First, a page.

Old Cookery Books and Ancient Cuisine eBook

William Carew Hazlitt
This eBook from the Gutenberg Project consists of approximately 170 pages of information about Old Cookery Books and Ancient Cuisine.

To make white Quince Paste:—­Scald the quinces tender to the core, and pare them, and scrape the pulp clean from the core, beat it in a mortar, and pulp it through a colander; take to a pound of pulp a pound and two ounces of sugar, boil the sugar till ’tis candy-high; then put in your pulp, stir it about constantly till you see it come clear from the bottom of the preserving-pan; then take it off, and lay it on plates pretty thin:  you may cut it in what shape you please, or make quince chips of it; you must dust it with sugar when you put it into the stove, and turn it on papers in a sieve, and dust the other side; when they are dry, put them in boxes with papers between.  You may make red quince paste the same way as this, only colour the quince with cochineel.

To make Syrup of any flower:—­Clip your flowers, and take their weight in sugar; then take a high gallipot, and a row of flowers, and a strewing of sugar, till the pot is full; then put in two or three spoonfuls of the same syrup or still’d water; tye a cloth on the top of the pot, and put a tile on that, and set your gallipot in a kettle of water over a gentle fire, and let it infuse till the strength is out of the flowers, which will be in four or five hours; then strain it thro’ a flannel, and when ’tis cold bottle it up.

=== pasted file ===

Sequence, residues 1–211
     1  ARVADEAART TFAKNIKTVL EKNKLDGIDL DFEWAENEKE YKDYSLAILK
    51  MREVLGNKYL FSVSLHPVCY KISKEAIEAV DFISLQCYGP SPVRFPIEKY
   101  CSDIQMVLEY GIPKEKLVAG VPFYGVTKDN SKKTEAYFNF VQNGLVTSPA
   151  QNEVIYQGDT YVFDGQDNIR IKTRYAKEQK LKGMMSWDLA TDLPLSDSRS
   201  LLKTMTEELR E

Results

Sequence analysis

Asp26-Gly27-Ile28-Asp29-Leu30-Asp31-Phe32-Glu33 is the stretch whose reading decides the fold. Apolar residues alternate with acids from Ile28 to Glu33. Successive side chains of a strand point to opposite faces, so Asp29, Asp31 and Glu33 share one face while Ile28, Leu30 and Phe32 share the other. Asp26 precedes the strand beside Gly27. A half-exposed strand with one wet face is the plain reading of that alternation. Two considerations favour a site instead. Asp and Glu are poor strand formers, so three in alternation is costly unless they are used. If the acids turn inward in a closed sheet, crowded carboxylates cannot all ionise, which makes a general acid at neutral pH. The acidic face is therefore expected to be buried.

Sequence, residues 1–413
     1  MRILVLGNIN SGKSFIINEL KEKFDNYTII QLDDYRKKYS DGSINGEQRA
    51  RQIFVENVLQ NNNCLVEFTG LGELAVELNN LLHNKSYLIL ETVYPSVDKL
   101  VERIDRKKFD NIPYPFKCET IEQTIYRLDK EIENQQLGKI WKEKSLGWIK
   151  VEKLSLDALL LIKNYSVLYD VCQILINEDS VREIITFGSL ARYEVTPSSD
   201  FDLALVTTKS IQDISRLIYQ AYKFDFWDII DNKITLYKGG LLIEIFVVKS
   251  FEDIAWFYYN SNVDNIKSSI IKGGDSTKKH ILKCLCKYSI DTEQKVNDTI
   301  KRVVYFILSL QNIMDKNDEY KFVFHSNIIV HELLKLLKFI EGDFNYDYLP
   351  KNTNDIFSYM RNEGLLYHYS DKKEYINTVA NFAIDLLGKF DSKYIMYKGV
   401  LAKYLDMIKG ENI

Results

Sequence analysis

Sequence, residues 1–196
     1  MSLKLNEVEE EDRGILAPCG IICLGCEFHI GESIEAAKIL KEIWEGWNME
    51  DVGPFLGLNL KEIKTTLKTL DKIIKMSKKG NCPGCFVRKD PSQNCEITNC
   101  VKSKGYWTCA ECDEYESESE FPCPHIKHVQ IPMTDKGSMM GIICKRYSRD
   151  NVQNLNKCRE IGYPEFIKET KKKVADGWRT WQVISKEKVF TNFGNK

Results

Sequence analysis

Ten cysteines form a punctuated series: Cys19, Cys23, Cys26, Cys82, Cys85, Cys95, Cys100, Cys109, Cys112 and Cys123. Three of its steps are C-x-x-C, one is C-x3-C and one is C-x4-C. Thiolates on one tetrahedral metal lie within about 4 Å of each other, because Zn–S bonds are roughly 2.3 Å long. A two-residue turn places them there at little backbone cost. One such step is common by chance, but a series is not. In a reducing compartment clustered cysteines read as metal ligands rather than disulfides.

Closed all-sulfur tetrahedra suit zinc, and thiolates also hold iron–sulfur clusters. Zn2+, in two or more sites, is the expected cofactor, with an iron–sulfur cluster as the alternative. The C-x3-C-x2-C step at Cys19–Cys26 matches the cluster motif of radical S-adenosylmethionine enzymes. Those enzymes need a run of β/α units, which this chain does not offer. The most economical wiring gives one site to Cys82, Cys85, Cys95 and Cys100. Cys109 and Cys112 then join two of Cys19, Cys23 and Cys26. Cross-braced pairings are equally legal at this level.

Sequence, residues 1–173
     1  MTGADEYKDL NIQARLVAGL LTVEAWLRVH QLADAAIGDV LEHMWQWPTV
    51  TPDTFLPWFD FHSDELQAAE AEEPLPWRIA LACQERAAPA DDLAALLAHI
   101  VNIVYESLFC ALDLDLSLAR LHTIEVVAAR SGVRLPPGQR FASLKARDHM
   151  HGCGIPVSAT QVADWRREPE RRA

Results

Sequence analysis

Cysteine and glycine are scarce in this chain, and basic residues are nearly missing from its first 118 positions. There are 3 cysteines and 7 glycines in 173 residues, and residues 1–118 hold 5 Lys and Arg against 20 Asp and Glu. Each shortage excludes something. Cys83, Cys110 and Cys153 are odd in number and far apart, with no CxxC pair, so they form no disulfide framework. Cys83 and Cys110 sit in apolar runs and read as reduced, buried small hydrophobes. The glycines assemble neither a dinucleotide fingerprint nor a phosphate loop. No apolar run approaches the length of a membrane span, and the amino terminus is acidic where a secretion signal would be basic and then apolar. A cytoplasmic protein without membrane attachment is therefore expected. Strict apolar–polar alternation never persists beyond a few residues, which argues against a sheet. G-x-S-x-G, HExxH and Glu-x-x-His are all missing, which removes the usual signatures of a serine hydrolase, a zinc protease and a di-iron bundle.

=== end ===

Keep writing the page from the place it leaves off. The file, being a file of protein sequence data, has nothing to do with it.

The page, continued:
To pickle Nasturtium-Buds:—­Gather your little knobs quickly after your blossoms are off; put them in cold water and salt for three days, shifting them once a day; then make a pickle (but do not boil it at all) of some white-wine, some white-wine vinegar, eschalot, horse-radish, pepper, salt, cloves, and mace whole, and nutmeg quartered; then put in your seeds and stop them close; they are to be eaten as capers.

To keep Quinces in Pickle:—­Cut five or six quinces all to pieces, and put them in an earthen pot or pan, with a gallon of water and two pounds of honey; mix all these together well, and then put them in a kettle to boil leisurely half an hour, and then strain your liquor into that earthen pot, and when ’tis cold, wipe your quinces clean, and put them into it:  they must be covered very close, and they will keep all the year.

To pickle Ashen-keys:—­Take ashen-keys as young as you can get them, and put them in a pot with salt and water; then take green whey, when ’tis hot, and pour over them; let them stand till they are cold before you cover them, so let them stand; when you use them, boil them in fair water; when they are tender take them out, and put them in salt and water.

To pickle Pods of Radishes:—­Gather the youngest pods, and put them in water and salt twenty-four hours; then make a pickle for them of vinegar, cloves, mace, whole pepper:  boil this, and drain the pods from the salt and water, and pour the liquor on them boiling hot:  put to them a clove of garlick a little bruised.

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Old Cookery Books and Ancient Cuisine from Project Gutenberg. Public domain.
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